Mountain Men and Life in the Rocky

Subject Guide


Mountain West

Malachite’s Big Hole

1834 Ham’s Fork Rendezvous:

During the winter and spring of 1834 major events would take place affecting the fur trade in the Upper Missouri River region and Rocky Mountains.  The St. Louis Fur Company under William Sublette and Robert Campbell would be sold to the American Fur Company.  Finally, John Jacob Astor would go into retirement, and would sell the Western Department of the American Fur Company to Pratte and Chouteau. Although this new company was named Pratte, Chouteau and Company, it and it’s successor companies would continue to be known as the American Fur Company. William Sublette would also become aware of the secret deal between Rocky Mountain Fur Company and Christy with Nathaniel Wyeth when a letter containing information pertaining to the agreement and addressed to Milton Sublette was erroneously delivered to William.  As part of the buyout agreement between the American Fur Company and the St. Louis Fur Company, William Sublette had assured the American Fur Company that the Rocky Mountain Fur Company and Christy would go out of business.  This aspect of the deal would be threatened if the Rocky Mountain Fur Company was re-supplied by Wyeth.  William Sublette determined to force the Rocky Mountain Fur Company and Christy into liquidation.  There ensued a race to the mountains between rival pack trains to re-supply the Rocky Mountain Fur Company.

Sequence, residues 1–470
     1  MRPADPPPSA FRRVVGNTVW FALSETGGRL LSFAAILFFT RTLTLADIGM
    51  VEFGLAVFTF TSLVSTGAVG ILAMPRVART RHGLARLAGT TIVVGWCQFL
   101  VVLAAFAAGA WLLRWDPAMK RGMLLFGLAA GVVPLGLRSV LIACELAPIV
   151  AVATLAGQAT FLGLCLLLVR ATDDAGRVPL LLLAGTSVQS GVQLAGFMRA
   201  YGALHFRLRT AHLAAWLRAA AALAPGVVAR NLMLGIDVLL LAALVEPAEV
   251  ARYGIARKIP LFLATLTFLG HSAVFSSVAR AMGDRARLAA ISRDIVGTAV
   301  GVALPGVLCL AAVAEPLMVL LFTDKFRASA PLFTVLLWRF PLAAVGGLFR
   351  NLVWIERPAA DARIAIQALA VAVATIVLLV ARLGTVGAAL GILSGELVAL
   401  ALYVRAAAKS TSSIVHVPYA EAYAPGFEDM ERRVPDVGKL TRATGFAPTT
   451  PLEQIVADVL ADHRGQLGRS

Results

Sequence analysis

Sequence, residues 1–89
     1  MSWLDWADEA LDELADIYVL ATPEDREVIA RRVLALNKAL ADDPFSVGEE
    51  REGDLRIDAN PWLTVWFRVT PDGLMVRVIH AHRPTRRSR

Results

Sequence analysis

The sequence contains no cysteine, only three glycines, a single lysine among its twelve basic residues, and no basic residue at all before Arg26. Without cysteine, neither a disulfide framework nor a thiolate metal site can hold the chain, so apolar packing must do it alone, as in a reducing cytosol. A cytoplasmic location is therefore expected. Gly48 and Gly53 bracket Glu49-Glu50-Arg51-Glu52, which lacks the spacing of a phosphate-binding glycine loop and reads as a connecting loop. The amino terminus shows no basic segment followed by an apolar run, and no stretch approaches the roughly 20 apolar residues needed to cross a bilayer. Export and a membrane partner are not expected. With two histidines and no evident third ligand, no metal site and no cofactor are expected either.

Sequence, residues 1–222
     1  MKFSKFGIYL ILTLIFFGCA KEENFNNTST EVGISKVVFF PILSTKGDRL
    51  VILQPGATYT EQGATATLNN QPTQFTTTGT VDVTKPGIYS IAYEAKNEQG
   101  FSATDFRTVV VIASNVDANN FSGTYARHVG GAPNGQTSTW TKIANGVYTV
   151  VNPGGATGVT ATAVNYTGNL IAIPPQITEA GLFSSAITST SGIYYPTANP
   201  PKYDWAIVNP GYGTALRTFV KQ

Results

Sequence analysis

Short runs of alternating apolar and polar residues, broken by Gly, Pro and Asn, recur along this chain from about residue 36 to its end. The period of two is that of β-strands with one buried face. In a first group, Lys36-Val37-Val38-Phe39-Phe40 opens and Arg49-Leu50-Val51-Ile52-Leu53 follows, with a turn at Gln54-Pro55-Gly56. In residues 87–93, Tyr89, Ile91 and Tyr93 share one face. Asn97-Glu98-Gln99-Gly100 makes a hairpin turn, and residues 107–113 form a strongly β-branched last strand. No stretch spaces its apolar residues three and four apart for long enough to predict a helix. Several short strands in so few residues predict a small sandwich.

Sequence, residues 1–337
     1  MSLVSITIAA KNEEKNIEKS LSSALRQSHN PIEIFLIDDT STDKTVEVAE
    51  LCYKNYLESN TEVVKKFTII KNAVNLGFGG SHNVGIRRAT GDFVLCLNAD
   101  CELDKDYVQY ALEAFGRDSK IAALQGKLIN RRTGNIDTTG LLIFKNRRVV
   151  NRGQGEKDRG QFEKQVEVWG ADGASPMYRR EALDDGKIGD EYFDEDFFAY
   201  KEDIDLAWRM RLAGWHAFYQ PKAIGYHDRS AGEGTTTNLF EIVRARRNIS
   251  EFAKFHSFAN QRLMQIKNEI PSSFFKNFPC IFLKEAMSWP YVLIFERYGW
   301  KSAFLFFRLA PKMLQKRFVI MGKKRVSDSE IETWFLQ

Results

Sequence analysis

Nathaniel Wyeth would leave Independence on April 28, 1834, with a pack train of 75 men and about 250 horses.  This number would include Milton Sublette, Osborne Russell, Calvin T. Briggs, Jason Lee, a Methodist missionary and his four companions, and two naturalists, Thomas Nutall and Kirk Townsend.  Milton Sublette would return to Independence on May 8th because of a diseased leg.  

William Sublette would not leave Independence until May 5th, seven days after Nathaniel Wyeth.  William Sublette’s party consisted of 37 men and 95 horses. Also leaving that spring with pack trains bound for the mountains would be Michael S. Cerre with supplies for Bonneville, and Fontenelle with supplies for the American Fur Company.   The supply trains would take the familiar route up the North Platte, thence up the Sweetwater and over South Pass.